REMIND YOURSELF!                                        you know exactly what it is you’re
_____________________________________                   aiming for.
_____________________________________             ____ The goal is MEASURABLE; you will be
_____________________________________                   able to see and evaluate your progress.
                                                  ____ The goal is REALISTIC; it’s
_____________________________________                    challenging but still achievable.
_____________________________________             ____ The goal will be personally
_____________________________________                   SATISFYING to reach.
                                                                     STEP #7
                                                  I HAVE REACHED MY GOAL! Do not
                                                  forget to celebrate your accomplishments!!!
V Meneses 12/2/97 A.I.M. Supplement               KEEP GOING!
Page 54

Handout 4.8

                               YOUR PRIORITIES FOR THE NEXT WEEK

1. List what you need to do in the next seven days:

2. Give your activities a priority rating of ―A,‖ ―B,‖ or ―C‖

1. Did you accomplish all your ―A‖ tasks?


2. Did the ―C’s‖ you left uncompleted really need to be done?


3. Did you do ―C’s‖ and leave ―A’s‖ and ―B’s‖ undone?


4. Did you work on your ―A’s‖ first? ―B’s‖ second? ―C’s‖ third?


5. At the end of this week, how do you feel about what you have accomplished?


A list like this allows you to plan your time more effectively, achieve the things that are important to achieve
at the time, and helps you avoid procrastination of an important, but perhaps unpleasant activity.

Training Effective Literacy Tutors                                                          State of Oregon
Page 55
Assessment & Goal Setting                                     Supplement



                              A showcase of student work,
                              a place where many types of
                              assignments can be collected.

 Encourages reflection of learning and application skills

 Documents learner progress

 Reflects shared learning

 Empowers students through self-assessment

 Strengthens tutor and student relationship

B. Brookens/V. Meneses 4/95
Page 56

Assessment & Goal Setting                                                                    Supplement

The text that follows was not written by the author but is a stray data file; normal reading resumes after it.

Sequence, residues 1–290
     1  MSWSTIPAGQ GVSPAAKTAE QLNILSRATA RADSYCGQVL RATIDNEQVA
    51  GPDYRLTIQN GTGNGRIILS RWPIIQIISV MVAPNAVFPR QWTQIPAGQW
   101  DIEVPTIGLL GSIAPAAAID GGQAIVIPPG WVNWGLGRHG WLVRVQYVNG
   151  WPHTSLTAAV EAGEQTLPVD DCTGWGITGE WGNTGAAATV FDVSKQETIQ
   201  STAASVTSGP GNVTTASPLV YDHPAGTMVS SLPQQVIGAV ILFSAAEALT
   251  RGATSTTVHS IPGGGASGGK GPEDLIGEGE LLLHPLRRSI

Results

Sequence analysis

Contents focus on:

                                 How students view themselves
                                 The learning process
                                 Growth over time

   A table of contents                                  Artwork done by the student, such as string
   A letter from the student explaining each item        designs, scale drawings and maps
   Notes from an interview – by the tutor or            Excerpts from a daily journal
    another student                                      A report of each individual’s contribution to a
   Student Autobiography                                 group project
   Student completed checklists                         A survey of how adults use learned skills at
   Papers that show the student’s correction of          work and in the home
    errors or misconceptions                             A review of how learned skills are used in the
   A story written by a student or tutor depicting       newspaper
    a life experience                                    Work from another subject that relates to
   A description, by the tutor, of a student             student interests
    activity that displayed understanding
   A problem made up by the student, with or
    without a solution
   Draft, revision and final version of student’s              WHAT ELSE???
    work, can include writing, diagrams, graphs,
    charts or whatever is most appropriate
   Tutor completed checklists

B. Brookens/V. Meneses 4/95
Page 57

Assessment & Goal Setting                                                Supplement



                                Keep it simple at first

                                Build it one step at a time

                                Make it part of the daily routine,
                                 not something extra to do

Before introducing the portfolio to your student:
          1. Create your own portfolio

          2. Determine your goals

How to introduce the portfolio to your student:
          1. Define and model the portfolio for your student

          2. Explain the benefits of creating a portfolio

          3. Discuss ownership

          4. Introduce the concept of self-evaluation

          5. Discuss the variety of activities that can be included

Training Effective Literacy Tutors                                    State of Oregon

Shared By:
zhangyun zhangyun http://